The narrator also tracks her time through her correspondences with other writers, notably Anna and Sofia, both women novelists around the same age as or older than the narrator. She writes to them, and other correspondents, throughout the book, sometimes many times within one day, and at other times with large gaps between replies. With Anna, the correspondence circles around the idea of success, of being women writers not receiving as much recognition as men, of Anna’s surety of her own genius. The narrator corresponds more with Anna at the beginning of the book, when she is trying still to wrangle her experience into the shape of a novel. Anna wants to go inward, to rid herself of the outside intrusions on her art. “It seems impossible,” Anna writes, “to work on a novel while living with another person. It seems contrary to what is necessary to write a novel, which is to be alone.” As the book goes on, the role of primary correspondent shifts to Sofia. Sofia shares more of the narrator’s sensibilities: the insecurity, the understanding of the impossibility of defining oneself, the obsession with collecting remnants of the lives of other artists and writers. Sofia declares that the narrator’s work is about “the contemporary being interrupted”—in other words, about the day-to-day realities of living in a body, not the disconnected life of the artistic bachelor, cut off from the dailiness of existence for the sake of his art.
The last thread that runs throughout Drifts as a way of tracking time is the body itself. Zambreno’s narrator comments on every time she has her period, describing moments in which she bleeds through her trousers in a café, on the train, even in court—this private, hidden aspect of her existence made suddenly, violently, public. Zambreno’s narrator, writing about experiences of previous months, injects her present self: “I realize, writing this, that I have not had my period in some time. I don’t have that to mare time anymore, the obliteration of the pain, the days elapsed in bed.” She finds out she is pregnant, and deeper into her pregnancy her “growing belly traces the passage of time.”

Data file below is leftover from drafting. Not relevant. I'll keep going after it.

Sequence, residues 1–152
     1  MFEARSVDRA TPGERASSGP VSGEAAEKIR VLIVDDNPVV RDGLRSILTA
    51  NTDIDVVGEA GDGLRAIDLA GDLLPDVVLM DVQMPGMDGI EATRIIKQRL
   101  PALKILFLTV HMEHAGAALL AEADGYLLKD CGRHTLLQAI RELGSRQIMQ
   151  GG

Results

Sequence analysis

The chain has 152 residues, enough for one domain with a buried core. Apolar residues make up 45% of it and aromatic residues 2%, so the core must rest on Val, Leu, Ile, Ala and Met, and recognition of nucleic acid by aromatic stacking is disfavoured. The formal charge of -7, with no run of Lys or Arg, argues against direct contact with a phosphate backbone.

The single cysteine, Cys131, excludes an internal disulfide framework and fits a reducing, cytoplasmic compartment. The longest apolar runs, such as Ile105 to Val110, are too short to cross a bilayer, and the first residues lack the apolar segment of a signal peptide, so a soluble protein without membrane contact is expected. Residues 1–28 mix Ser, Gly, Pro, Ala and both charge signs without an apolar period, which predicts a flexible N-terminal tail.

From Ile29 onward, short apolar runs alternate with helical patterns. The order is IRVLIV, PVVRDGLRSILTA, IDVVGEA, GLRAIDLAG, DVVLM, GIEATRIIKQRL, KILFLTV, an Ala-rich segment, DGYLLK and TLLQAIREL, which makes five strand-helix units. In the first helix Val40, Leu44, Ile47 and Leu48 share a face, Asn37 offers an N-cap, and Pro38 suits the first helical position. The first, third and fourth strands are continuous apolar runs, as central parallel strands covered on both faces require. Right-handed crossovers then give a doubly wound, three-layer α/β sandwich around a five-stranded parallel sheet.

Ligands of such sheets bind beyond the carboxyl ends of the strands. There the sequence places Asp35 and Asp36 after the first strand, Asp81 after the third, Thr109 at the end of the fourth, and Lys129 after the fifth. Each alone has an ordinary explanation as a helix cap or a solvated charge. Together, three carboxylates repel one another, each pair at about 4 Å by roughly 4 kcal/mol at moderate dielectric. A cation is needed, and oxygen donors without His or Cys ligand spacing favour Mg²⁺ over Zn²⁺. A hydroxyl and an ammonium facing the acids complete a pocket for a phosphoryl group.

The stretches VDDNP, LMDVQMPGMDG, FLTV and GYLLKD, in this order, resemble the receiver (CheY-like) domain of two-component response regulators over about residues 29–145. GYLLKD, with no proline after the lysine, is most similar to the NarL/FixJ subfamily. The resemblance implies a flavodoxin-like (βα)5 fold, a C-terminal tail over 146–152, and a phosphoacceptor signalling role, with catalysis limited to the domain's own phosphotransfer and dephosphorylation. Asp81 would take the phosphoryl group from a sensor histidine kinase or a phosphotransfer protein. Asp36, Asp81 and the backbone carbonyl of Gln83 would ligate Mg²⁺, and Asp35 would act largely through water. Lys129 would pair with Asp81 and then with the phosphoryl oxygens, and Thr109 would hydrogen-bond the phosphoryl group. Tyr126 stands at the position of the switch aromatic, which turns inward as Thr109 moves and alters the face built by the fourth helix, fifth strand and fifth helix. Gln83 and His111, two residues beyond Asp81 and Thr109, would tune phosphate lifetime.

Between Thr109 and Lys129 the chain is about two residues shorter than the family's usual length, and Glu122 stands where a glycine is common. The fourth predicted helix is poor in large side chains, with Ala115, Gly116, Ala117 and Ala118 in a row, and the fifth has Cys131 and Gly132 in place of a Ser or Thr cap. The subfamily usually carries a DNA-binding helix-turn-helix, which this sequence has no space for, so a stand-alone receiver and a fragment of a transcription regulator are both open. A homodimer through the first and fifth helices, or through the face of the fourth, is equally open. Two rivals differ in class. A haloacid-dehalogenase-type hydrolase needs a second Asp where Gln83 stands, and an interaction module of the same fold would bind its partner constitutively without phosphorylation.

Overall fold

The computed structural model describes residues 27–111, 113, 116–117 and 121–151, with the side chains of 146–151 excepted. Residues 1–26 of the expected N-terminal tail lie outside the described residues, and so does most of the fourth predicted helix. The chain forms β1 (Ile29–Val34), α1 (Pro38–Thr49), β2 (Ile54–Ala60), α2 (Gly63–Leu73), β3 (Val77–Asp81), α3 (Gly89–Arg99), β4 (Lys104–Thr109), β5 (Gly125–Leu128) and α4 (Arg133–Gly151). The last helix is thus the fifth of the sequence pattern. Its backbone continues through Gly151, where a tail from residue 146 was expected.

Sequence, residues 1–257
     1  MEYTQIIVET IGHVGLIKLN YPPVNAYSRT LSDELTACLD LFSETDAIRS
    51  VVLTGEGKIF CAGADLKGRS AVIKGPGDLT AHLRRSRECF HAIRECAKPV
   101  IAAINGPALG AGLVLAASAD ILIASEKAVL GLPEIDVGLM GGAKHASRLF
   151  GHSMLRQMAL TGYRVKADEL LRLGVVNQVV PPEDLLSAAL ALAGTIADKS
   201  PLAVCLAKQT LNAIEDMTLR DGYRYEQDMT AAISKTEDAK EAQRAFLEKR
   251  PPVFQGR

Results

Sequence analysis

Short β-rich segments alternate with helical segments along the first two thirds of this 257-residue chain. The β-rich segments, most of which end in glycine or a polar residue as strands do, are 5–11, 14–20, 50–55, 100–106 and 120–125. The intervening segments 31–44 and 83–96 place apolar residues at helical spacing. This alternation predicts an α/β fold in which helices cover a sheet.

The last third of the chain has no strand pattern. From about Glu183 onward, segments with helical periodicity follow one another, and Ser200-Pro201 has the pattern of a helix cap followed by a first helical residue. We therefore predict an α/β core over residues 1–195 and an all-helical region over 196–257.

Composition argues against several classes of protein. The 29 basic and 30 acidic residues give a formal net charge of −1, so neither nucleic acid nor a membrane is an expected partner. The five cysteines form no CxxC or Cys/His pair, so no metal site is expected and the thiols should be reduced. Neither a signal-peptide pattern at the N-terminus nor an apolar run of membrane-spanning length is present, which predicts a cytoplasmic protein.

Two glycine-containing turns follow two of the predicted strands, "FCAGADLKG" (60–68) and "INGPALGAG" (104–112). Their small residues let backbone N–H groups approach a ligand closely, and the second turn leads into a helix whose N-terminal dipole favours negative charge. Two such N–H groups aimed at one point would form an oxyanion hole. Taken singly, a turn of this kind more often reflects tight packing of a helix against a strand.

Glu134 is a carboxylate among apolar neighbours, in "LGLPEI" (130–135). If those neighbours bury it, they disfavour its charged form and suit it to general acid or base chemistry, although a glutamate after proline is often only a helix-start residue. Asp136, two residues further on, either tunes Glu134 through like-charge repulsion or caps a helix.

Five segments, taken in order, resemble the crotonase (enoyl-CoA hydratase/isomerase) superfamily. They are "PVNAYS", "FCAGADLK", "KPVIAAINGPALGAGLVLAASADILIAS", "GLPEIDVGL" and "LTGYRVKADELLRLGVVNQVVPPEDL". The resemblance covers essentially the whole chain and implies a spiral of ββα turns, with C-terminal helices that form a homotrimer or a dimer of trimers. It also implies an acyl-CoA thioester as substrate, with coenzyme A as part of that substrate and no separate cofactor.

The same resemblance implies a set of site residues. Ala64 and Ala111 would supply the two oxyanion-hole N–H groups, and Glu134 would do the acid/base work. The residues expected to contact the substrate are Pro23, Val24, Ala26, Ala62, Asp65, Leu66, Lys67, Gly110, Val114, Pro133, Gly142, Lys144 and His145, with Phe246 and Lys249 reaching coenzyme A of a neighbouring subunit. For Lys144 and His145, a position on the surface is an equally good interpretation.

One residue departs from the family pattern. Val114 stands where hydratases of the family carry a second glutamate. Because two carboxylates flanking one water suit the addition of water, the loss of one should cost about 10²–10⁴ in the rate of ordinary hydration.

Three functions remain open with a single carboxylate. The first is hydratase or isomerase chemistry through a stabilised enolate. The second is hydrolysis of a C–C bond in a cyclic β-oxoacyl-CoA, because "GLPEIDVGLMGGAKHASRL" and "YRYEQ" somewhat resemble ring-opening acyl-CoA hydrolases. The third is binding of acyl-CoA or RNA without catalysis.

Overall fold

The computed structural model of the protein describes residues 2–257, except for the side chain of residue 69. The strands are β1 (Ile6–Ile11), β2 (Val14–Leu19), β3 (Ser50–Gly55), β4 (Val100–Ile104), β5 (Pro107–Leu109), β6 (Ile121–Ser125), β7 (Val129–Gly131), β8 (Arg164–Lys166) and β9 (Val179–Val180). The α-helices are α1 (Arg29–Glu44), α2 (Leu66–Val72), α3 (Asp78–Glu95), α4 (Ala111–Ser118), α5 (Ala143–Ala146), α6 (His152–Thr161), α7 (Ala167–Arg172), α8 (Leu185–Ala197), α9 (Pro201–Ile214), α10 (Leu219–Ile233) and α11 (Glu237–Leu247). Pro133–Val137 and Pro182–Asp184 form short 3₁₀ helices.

In this way, the dailiness becomes the art; the fragment becomes the whole. These daily ways of tracking time are a way of tracking her existence. Without the daily remembrances, she is not sure where or who she is: “so often, when inside, I look at my inbox like an oracle, to remind myself that I still exist.” She writes of Rilke’s urge to withdraw from the daily—“how it was necessary to refuse the exigencies of the day, how he felt bored when he met his baby daughter at Christmas, he didn’t want anything to disturb his writing life.” Our narrator feels a close kinship with Rilke and his peripatetic ways, but here she differs, as she proclaims, “bring me the exigencies of the day.” Rilke disdains the distractions that intrude on his writerly solitude—“He wishes he had no pleasurable memories of not working.” But that was not in the cards for him: he kept moving, unable to stay in one place for any length of time, unable to incorporate the monastic rituals and routines of the artists he worships. Zambreno’s narrator herself tries, at one point, to apply a ritualistic rhythm to the day, but in the end, she does her best work out in the world, wandering through Manhattan, observing a stranger applying makeup on the train, commiserating with the woman who works at the dry cleaners. It’s this outer space, where she inhabits her body, “a throbbing, public thing,” and intersects with the people and landscapes in her path that proves to be the most fertile ground for art.